Why do talented, gifted girls so often fail to realize their potential as they reach adolescence and adulthood? This outstanding book explores this question and offers practical advice to parents, teachers, and policy-makers about ways to help gifted girls continue to grow and succeed.
Dr. Kerr also presents current research on gifted girls; summarizes biographies about eminent women, their lives, and achievements; and examines the current educational and family environment.
- Time alone: girls need swaths of time alone to think and dream
- Mentors: all women (and men) who achieve to the top of their fields have mentors who guide and support them along the way, introducing them into the circles that draw them upwards. Virtually none of the "average" achieving women followed had mentors during their schooling and early work years. We need to teach our girls the importance of mentors and help them find them!
- Same sex education, especially high school and college. As it turns out our "culture of romance" is poison to the smart girls potential. Messages that turn adolescent girls' focus from capability and achievement to beauty and relationship essentially stop them dead in their intellectual tracks. Same sex schools not only remove much of the romantic focus from girls' daily routines, but also provide many more opportunities for mentoring and modeling by self-actualized women.
- Voracious reading of anything and everything
- Rejection of gender limitations
- Strong sense of self: My interpretation of this is that we need to grow young women who are deeply healthy and strong emotionally. They need to know who they are, and who they aren't and take responsibility for themselves. They need to be practiced at knowing and expressing what they want and need. Our girls need to be willing to "grow thorns" and say what they mean, not be driven to always be compliant and kind. And they need to be able to hold onto themselves as they enter relationships, not losing their "I" to the "We," both in personal and community situations.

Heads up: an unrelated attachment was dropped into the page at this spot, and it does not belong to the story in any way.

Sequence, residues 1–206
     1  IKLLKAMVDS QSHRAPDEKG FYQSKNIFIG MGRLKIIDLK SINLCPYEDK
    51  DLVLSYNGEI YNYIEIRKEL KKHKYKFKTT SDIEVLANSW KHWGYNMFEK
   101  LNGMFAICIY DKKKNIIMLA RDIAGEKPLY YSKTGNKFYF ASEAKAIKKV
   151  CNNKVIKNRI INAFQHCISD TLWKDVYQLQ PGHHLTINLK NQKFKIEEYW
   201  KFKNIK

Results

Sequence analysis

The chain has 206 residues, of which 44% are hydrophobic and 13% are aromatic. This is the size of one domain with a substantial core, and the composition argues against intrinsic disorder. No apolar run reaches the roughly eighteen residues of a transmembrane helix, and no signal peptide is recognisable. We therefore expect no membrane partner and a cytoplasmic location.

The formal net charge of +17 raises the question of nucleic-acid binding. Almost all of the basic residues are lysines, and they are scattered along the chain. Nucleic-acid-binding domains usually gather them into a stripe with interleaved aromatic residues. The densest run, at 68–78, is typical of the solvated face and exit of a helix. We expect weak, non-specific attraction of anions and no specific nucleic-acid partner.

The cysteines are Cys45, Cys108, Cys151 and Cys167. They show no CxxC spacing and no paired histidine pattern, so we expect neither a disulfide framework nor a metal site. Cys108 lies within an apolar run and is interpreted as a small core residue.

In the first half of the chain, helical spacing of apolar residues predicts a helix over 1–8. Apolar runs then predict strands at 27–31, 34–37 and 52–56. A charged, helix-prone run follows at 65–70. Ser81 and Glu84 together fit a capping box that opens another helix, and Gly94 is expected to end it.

- Definitions of successful - Kerr does a lovely job of expressing her concerns about using job status and salary as measures of success. As a researcher, she does in the end come up against the truth that no has yet figured out a way to measure a woman's level of performance and achievements as mother or homemaker. I find myself wondering how I define my own success for both of these jobs as well as homeschool teacher.
- Self-actualization - Kerr uses Maslow's Hierarchy of Needs to help her approach the idea of successful people and for defining her terms. In a book that focuses on the high achievement of gifted girls, it makes sense to keep a careful eye on self-actualization as opposed to just outward success. I really admire how Kerr handled this section of the book, for both her treatments of definition of success and self-actualization. She concludes that self-actualization (achieving one's highest potential in a given vocation) is not optional for gifted women, carefully opening up the definition of vocation to include essentially any idea a woman could fall in love with and pursue. What really struck me about her point of view is that she sees actualization as essential not just for us as individuals, but for our society as a whole.
- The "false" choice - career vs. family. My mental gears are really churning on this one. According to the book, "integrators" who have both a career and families rate happiest among all women. Kerr posits that these women have simultaneously fulfilling and thriving careers and healthy, thriving children. Steeped in the doctrine of attachment parenting and homeschooling these past 8 years, I'm not sure I see her numbers adding up. Also, counting among my close friends single career women, integrators and stay at home moms, I'm not sure I can tag just one group as "happy." But I'm open to the idea...
- 14 year olds and 40 year olds. Studies show that self-esteem drops sharply for girls right around the age of 14. It continues low until women reach 40 and then self-esteem returns to high levels. Kerr has satisfying explanations for both sides of the equation. Coming up on my 40th birthday, I'm fascinated by this trend. Mostly what an improved level of self-esteem and greater drive for self-actualization might look like in my life over the next 10 years. As a missed smart girl, is it still possible for me to self-actualize as I reach mid-life or is it too late?